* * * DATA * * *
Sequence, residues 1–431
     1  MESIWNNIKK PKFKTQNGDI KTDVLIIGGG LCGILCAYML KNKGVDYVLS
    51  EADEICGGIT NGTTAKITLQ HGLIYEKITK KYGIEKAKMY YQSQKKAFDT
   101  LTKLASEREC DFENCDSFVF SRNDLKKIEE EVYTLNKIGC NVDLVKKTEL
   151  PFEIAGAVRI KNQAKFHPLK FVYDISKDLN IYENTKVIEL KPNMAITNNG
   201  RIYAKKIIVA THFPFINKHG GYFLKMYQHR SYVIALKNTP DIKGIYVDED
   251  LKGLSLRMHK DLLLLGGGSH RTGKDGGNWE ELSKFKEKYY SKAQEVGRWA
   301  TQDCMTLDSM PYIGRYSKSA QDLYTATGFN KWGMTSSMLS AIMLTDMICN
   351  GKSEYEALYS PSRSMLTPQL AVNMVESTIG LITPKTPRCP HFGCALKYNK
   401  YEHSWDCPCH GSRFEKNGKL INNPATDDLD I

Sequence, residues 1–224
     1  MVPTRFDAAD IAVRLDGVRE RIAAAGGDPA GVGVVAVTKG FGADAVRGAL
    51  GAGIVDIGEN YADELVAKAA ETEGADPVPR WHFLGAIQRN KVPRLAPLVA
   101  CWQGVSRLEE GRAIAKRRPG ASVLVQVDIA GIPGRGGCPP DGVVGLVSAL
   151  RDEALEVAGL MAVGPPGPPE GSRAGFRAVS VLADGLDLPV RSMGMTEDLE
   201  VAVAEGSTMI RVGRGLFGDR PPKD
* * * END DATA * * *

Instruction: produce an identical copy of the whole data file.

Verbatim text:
Sequence, residues 1–431
     1  MESIWNNIKK PKFKTQNGDI KTDVLIIGGG LCGILCAYML KNKGVDYVLS
    51  EADEICGGIT NGTTAKITLQ HGLIYEKITK KYGIEKAKMY YQSQKKAFDT
   101  LTKLASEREC DFENCDSFVF SRNDLKKIEE EVYTLNKIGC NVDLVKKTEL
   151  PFEIAGAVRI KNQAKFHPLK FVYDISKDLN IYENTKVIEL KPNMAITNNG
   201  RIYAKKIIVA THFPFINKHG GYFLKMYQHR SYVIALKNTP DIKGIYVDED
   251  LKGLSLRMHK DLLLLGGGSH RTGKDGGNWE ELSKFKEKYY SKAQEVGRWA
   301  TQDCMTLDSM PYIGRYSKSA QDLYTATGFN KWGMTSSMLS AIMLTDMICN
   351  GKSEYEALYS PSRSMLTPQL AVNMVESTIG LITPKTPRCP HFGCALKYNK
   401  YEHSWDCPCH GSRFEKNGKL INNPATDDLD I

Sequence, residues 1–224
     1  MVPTRFDAAD IAVRLDGVRE RIAAAGGDPA GVGVVAVTKG FGADAVRGAL
    51  GAGIVDIGEN YADELVAKAA ETEGADPVPR WHFLGAIQRN KVPRLAPLVA
   101  CWQGVSRLEE GRAIAKRRPG ASVLVQVDIA GIPGRGGCPP DGVVGLVSAL
   151  RDEALEVAGL MAVGPPGPPE GSRAGFRAVS VLADGLDLPV RSMGMTEDLE
   201  VAVAEGSTMI RVGRGLFGDR PPKD